Wisconsin shoppers are having a tough time finding their normal spring bargains for beef. A long-running drought in much of the West has created the nation's smallest cattle herd since 1951. With supplies down, prices have shot up for everything from basic burgers to rib-eye steaks. Chip Bunzel, who co-owns a meat market in Milwaukee, said consumer beef prices often drop after the holidays -- but that didn't happen this year. Prices normally fall because Americans normally don't eat as much beef from New Year's until the start of the summer grilling season around Memorial Day. Meanwhile, the USDA says the foreign demand for beef and other proteins has grown rapidly. UW-Madison associate professor Jeff Sindelar says it's due to the growth of the middle class in developing countries where more folks can finally afford a good steak. He says the higher worldwide demand has caused meat prices to jump up to 50-percent over the past 5-to-7 years. That's put even more pressure on U.S. producers -- where many in the drought-stricken West have sold animals they can no longer afford to feed. As grassy pastures dry up, John Freitag of the Wisconsin Beef Council says the animals quote, "can't eat wind, water, and scenery."
Wisconsin motorists are paying 27-cents more for a gallon of gasoline than they did a month ago, and experts say it should be no surprise. Gregg Laskoski of Gas-Buddy.com says higher crude oil prices get some of the blame. So does the federal requirement to switch to summer-grade fuels by April first. Laskoski says the March increases are quote, "like clockwork." Today, the Triple-"A" said regular unleaded averaged about $3.52-a-gallon in Wisconsin -- up from $3.42 last Monday, and $3.25 a month ago. Still, Badger State motorists are paying an average of 22-cents less than at this time a year ago. The statewide average at that time was $3.74.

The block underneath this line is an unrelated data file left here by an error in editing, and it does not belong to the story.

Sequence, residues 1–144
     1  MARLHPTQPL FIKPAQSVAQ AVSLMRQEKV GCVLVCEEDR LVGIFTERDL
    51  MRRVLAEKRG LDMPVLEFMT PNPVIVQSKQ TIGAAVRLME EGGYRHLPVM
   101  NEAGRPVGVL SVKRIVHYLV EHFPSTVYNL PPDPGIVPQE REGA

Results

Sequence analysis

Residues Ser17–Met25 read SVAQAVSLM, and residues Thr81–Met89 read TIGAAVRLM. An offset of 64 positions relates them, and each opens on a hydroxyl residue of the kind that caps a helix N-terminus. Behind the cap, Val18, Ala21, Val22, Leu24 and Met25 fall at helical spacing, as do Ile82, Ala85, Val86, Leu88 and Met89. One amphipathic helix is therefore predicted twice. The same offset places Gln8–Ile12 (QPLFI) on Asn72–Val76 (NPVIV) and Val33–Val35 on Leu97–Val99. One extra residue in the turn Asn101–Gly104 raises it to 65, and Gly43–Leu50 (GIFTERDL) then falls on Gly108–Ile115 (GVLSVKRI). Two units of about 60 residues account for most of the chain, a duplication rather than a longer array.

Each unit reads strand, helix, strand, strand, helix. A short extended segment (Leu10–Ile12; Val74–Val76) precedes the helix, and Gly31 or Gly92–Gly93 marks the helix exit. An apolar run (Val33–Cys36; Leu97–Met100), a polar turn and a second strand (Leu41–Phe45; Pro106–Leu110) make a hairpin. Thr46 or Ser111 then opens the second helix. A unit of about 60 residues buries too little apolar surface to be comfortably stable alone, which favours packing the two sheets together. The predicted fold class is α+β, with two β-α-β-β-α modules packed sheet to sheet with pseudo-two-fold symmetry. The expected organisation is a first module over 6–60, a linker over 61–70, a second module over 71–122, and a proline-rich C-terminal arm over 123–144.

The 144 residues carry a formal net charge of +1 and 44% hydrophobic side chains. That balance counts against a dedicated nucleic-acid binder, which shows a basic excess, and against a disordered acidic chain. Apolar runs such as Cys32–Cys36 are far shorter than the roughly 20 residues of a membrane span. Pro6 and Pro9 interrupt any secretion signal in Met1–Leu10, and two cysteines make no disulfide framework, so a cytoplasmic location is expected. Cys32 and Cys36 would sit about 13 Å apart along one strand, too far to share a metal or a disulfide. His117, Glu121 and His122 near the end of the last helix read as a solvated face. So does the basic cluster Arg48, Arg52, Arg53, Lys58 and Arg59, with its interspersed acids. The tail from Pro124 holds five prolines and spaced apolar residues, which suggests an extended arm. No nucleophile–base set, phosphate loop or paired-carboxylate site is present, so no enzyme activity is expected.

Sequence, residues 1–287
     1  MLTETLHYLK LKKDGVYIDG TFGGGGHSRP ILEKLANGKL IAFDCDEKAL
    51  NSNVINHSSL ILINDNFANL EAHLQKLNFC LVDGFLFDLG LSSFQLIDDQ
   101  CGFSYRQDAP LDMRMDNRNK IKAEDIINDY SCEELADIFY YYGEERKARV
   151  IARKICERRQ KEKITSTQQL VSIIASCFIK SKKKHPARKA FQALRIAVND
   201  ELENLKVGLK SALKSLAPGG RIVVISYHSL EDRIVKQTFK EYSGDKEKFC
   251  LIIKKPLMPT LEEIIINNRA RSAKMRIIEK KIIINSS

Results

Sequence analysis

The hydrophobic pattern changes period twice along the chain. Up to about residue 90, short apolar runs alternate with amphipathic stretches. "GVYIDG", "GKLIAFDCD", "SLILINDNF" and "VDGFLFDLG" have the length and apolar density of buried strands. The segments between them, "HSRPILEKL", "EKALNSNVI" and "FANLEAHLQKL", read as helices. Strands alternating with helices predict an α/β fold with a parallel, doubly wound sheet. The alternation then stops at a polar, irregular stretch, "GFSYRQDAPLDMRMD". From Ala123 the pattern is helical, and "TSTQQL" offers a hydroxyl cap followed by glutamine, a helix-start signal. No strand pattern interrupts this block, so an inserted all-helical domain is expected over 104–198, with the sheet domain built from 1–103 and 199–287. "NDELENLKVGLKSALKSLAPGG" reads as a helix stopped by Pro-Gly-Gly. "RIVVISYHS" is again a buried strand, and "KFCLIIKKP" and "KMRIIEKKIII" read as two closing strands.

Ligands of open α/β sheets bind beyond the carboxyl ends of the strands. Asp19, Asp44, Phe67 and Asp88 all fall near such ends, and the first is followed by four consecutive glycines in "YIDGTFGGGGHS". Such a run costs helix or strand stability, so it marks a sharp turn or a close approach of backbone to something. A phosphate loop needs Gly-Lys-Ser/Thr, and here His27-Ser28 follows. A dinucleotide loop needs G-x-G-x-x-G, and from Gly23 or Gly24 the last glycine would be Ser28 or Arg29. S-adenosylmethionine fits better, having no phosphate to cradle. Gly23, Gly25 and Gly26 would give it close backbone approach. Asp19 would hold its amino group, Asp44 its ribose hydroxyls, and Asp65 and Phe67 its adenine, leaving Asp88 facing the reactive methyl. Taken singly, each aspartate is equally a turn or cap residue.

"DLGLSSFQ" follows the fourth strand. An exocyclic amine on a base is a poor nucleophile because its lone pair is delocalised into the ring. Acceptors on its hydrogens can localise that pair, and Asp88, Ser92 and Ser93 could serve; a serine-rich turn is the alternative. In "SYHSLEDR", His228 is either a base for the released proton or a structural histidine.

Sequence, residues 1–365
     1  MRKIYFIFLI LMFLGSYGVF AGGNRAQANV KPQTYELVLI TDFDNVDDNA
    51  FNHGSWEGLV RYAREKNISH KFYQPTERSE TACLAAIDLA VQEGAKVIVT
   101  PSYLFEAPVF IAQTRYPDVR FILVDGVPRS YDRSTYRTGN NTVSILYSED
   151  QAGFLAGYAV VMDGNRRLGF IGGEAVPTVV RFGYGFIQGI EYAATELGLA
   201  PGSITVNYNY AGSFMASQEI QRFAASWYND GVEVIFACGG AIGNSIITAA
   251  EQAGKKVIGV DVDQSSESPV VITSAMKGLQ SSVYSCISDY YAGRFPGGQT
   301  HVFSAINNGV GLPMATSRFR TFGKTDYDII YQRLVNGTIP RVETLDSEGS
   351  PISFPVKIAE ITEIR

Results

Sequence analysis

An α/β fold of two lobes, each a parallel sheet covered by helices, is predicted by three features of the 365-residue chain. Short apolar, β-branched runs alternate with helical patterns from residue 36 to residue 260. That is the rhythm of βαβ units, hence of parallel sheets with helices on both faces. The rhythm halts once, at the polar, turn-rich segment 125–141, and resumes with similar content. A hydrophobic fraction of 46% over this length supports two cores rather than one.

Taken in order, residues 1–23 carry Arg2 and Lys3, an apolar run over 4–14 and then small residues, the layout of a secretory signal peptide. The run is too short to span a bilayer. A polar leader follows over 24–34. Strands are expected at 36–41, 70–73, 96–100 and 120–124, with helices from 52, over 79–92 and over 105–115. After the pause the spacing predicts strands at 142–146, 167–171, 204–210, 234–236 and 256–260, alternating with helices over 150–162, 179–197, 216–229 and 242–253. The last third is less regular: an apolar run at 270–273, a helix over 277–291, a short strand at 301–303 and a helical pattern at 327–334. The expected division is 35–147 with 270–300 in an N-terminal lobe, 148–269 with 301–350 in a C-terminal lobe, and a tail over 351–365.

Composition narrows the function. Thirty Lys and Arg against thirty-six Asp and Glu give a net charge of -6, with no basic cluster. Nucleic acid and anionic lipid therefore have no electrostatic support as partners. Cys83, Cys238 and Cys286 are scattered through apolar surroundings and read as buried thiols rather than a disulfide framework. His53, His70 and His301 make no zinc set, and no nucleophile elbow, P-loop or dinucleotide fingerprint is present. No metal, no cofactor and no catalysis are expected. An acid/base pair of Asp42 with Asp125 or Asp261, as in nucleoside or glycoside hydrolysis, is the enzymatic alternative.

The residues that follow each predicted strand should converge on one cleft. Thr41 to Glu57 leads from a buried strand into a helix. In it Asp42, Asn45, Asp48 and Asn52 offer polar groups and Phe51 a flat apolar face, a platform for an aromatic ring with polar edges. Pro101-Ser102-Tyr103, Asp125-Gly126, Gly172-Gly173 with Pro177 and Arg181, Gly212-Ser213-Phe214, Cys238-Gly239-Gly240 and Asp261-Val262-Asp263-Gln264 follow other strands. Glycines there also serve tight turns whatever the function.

Wisconsin's largest commercial printer says it will expand its automated mail-sorting equipment plant, to try-and-keep postal costs down for its customers. Quad-Graphics of Sussex said it would spend millions of dollars to improve what its calls its "Commingling Center" in Westampton, New Jersey. Quad cautioned, however, that it would not produce enough savings to off-set the most recent postal rate increases. Quad opened the New Jersey facility last year. It has a similar plant in the Milwaukee suburb of New Berlin. They pre-sort magazines and catalogs and add bar-codes -- all of which allow Quad-Graphics to get discounts on its bulk mailings. Quad prints about $13-billion pieces of mail each year -- everything from Sports Illustrated and Time magazines to catalogs and other advertising mailers. The Postal Service raised postage an average of six-percent in late January.
Wisconsin's tourism agency unveiled its newest TV commercials today. Badger State natives David-and-Jerry Zucker and Jim Abrahams made the new ads, based on their 1980 comedy film "Airplane." Actor Robert Hays and former Milwaukee Bucks' center Kareem Abdul-Jabbar star in the ads, which include aerial footage of Wisconsin plus scenes from the movie's original cockpit. They made ads that will promote Wisconsin this summer, fall, and winter. The ads will debut May 12th on TV stations and movie screens throughout Wisconsin -- and in the Chicago, Twin Cities, and Cedar Rapids Iowa markets. The Quad Cities' market will start showing the new ads around the start of July. The commercials were presented at the Governor's Conference on Tourism in Lake Geneva.
A suburban Milwaukee native will send his Oscar trophy home to his Wisconsin parents. John Ridley Junior tells Vanity Fair quote, "They deserve it. I wouldn't be here without them." Ridley won the Academy Award for the Best Adapted Screenplay for the film "Twelve Years a Slave," which was also named the Best Picture. It was the story of an African-American who was kidnapped, and sold into pre-Civil War slavery in the South. Ridley's parents still live in the Milwaukee area. John Ridley Senior tells the Milwaukee Journal-Sentinel that the movie will apparently have useful life once it runs its commercial course. He said the American School Boards Association is interested in distributing "Twelve Years a Slave" to high schools. The elder Ridley says it's been a quote, "wonderful experience for our entire family, with the promise of more to come."